Stretch marks are not just for bellies.

photo credit: banded rubber via photopin (license)
photo credit: banded rubber via photopin (license)
Nothing brings out my mother insecurity like the start of school. The kids gone all day: self sufficient, learning, living their teenage lives. I know they need parents, they need me, but the work has changed.

I insert myself here and there, especially when the red flags are waving, but for the most part, particularly with my olders, the stage is set. Independence reigns, responsibilities known (not always accomplished), accountability necessary.  They need their parents, we know this. No longer are we managing basic needs.

I find myself confused, as a stay-at-home parent. I love answering only to myself, a quiet house with time to get things done, exercise, write, clean, visit with friends, lunch with Eric. I am available to help. All of this wonderful, a true gift, not taken lightly. All allowing me to be the family’s undergirding, an essential and life-giving role.

The mother-insecurity curls and winds up and through my being when I consider what I might be missing…a career, paycheck, goals outside of these four walls. I relish my work as a wife and mother, but I have made sacrifices. I cannot, with abandon, pursue all goals. Much of what I choose must be weighed, measured, considered. Potential impact studied.

I struggle with why this is. Why do I feel passionate about so little, about things that will not garner a paycheck? My work is thinking. If I got paid for thinking, for mulling, for considering I’d be rolling in it. I don’t love busy, I don’t need busy to define my value. I know my energy level is finite. The last thing I want to do is make my family pay because I’m worn. These days are so short, the time limited before they hopefully leave the nest.

When I gave birth to these babies, I bonded, I smelled, I fed, all while sacrificing my own resources. I was stretched, the return to old or former, impossible. Comfort had to be newly defined. No longer was my life my own. I was changed. Myself was set aside for the survival of the most helpless of creatures, my basic needs no longer an entitlement.

Now, I’m able to regain some of what I gave up. But I am a mother, I’m not the same person. I have borne bodies from mine. I have lost precious hours of sleep. My heart now walks around outside my body…times three. The level of vulnerability required is often too much. As a balloon is nearly impossible to blow the first time, the second is a breeze. When one is stretched and pulled they do not return to original, to same.

My new normal means I have to dwell in tension. The tension between parenting, staying solid in my marriage and becoming the person I was made to be, knowing that life as I know it is constantly shifting about. Things rarely static. Negotiation and change are my new normal, my new expectation.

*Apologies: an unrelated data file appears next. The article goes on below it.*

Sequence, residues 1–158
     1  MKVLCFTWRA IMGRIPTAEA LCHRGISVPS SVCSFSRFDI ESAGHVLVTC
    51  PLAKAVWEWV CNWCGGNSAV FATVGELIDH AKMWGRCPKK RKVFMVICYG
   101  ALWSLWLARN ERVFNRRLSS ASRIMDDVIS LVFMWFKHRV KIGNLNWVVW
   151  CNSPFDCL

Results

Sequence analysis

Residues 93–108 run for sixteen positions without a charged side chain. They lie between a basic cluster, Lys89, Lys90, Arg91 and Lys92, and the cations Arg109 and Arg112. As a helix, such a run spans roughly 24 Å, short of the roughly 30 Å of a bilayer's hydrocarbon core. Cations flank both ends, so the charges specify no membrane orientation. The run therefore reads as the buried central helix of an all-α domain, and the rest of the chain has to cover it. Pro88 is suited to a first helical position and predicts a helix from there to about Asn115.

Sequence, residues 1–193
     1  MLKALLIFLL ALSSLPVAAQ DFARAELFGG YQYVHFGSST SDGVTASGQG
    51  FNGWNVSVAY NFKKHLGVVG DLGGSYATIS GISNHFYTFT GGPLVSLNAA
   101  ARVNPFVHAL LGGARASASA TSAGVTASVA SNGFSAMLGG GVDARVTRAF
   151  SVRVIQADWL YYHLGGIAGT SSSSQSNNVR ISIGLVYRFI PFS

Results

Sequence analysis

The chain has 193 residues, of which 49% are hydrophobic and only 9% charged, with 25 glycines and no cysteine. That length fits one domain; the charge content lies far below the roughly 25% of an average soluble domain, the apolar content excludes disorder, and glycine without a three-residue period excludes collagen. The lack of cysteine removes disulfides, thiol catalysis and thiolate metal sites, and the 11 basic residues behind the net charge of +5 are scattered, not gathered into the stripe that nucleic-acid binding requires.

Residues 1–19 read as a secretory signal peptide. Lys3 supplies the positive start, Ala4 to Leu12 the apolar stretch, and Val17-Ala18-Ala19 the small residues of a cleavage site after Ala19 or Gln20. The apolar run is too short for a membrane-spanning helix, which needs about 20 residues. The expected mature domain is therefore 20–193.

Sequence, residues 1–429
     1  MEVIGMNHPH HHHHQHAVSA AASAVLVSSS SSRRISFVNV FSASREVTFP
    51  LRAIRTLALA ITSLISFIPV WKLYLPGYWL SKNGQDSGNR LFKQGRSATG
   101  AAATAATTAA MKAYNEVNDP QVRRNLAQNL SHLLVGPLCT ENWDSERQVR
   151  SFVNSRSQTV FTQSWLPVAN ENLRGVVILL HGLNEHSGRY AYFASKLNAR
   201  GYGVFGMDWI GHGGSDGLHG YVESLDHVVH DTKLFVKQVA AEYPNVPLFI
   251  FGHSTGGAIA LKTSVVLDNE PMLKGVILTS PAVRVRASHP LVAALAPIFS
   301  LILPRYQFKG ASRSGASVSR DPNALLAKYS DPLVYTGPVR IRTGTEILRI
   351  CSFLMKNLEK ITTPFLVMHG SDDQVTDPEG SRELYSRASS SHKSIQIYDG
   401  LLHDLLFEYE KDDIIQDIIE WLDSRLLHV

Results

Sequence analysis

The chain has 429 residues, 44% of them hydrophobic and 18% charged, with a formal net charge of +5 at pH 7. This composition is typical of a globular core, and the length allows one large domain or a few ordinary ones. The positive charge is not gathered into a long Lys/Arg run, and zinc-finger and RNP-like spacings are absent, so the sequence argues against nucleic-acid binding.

Good parents work themselves out of a job. Good parents provide the framework and boundary structure for children to make mistakes, to fail, to succeed. I’m still in the trenches, but the battles are different. The work is strategic, supervisory, foundational, teaching…no longer about food groups, going potty, warm or matching clothing. We are now on the mission of raising adults, respectable, kind, generous, thoughtful adults operating out of character and integrity.

I know they still need their mother. They need me to be present, available, watching, sniffing. They need me asking questions and setting appropriate boundaries. They need me knowing their friends, hosting. They need me laughing, joking, crying around them. They need to see me human, flying off the handle, reconciling, forgiving. They need to see Eric and I in partnership, negotiating, communicating, setting our own boundaries, dreaming together.

None of this wins admiring accolades or Mom of the Year. I will not be revered as the amazing-mother-who-does-everything, helping at all events. I am quite selfish and selective with my six free hours, enjoying the slow pace, some days more productive than others. Naps are always a priority.

I have forever been stretched. I know sleepless nights will be my companion for the rest of my days. The tension of making it about me, or making it about them will never end. And a day is potentially on the horizon where truly I will not be needed.

Ultimately, to be honest, my hope is they will still need me, in some form, even if they must manufacture a job description.

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